A new study carried out by the NSW Environmental Defender’s Office, has concluded that 15m tonnes of salt waste from coal seam gas operations to be dumped near a creek at the headwaters of the Murray-Darling Basin carries a considerable risk of water contamination.
Plans approved last year by the Queensland government and the Western Downs regional council to expand a dump near Chinchilla allow CSG salt waste to be stored less than 100 metres from Stockyard Creek, in the headwaters of the Murray-Darling Basin.
Local community groups, environmentalists and graziers are now pushing for the federal government to re-assess the project, under the Environment Protection and Biodiversity Conservation Act.
The likelihood of the contamination of surface and ground water is considerable, and in long-term aspects, it will likely severely affect future generations. Salt is not biodegradable and has an infinite environmental residence time. So, placing a salt dump near a creek that leads into the largest and most complex river system in Australia will need a management plan that runs for centuries.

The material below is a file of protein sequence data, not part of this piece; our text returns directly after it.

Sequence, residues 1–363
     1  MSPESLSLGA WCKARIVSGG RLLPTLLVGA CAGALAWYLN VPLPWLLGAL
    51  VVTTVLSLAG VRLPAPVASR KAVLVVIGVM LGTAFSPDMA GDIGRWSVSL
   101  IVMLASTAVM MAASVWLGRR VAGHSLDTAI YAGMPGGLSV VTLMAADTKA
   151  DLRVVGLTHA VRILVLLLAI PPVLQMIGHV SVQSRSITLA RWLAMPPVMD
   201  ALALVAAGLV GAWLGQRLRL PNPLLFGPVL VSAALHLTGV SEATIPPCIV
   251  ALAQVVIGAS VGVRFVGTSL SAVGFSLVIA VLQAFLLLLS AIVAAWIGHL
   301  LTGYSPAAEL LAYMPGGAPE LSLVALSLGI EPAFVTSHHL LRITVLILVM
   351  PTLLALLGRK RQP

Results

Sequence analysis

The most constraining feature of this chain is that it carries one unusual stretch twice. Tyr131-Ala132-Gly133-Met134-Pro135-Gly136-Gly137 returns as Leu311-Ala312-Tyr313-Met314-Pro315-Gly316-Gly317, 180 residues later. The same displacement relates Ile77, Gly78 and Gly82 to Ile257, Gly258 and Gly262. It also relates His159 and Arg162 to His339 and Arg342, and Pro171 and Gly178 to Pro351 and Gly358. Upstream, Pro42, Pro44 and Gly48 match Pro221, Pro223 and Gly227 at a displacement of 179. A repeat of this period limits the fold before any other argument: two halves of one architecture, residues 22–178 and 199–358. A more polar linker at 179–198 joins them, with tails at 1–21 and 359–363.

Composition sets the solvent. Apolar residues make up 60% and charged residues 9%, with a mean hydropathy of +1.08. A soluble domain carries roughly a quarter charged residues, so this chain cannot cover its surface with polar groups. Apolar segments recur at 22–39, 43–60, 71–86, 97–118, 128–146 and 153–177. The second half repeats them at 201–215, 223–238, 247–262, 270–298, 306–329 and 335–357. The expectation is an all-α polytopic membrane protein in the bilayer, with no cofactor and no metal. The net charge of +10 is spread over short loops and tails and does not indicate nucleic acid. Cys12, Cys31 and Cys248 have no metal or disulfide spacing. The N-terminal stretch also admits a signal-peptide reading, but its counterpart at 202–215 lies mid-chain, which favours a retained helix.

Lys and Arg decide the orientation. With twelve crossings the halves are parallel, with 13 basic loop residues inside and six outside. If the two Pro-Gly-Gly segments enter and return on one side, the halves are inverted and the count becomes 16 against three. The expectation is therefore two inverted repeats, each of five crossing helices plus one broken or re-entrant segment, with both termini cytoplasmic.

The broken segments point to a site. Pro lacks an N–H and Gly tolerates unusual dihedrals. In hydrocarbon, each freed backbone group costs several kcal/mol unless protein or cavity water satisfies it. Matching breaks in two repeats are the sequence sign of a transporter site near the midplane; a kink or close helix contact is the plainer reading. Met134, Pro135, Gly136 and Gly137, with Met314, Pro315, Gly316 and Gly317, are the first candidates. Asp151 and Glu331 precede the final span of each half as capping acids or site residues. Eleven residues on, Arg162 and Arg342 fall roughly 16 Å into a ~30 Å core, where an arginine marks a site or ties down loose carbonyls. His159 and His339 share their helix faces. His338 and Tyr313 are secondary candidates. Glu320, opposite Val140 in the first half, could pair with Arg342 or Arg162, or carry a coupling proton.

The company that runs the salt dump, We Kando, has not yet sought an assessment under the Environment Protection and Biodiversity Conservation Act.
About 20 kilometres from the dump the failed Linc Energy underground coal gasification plant, which is the site of Queensland’s worst environmental disaster. Earlier this year Linc Energy was hit with record criminal fines for contaminating nearby farmland.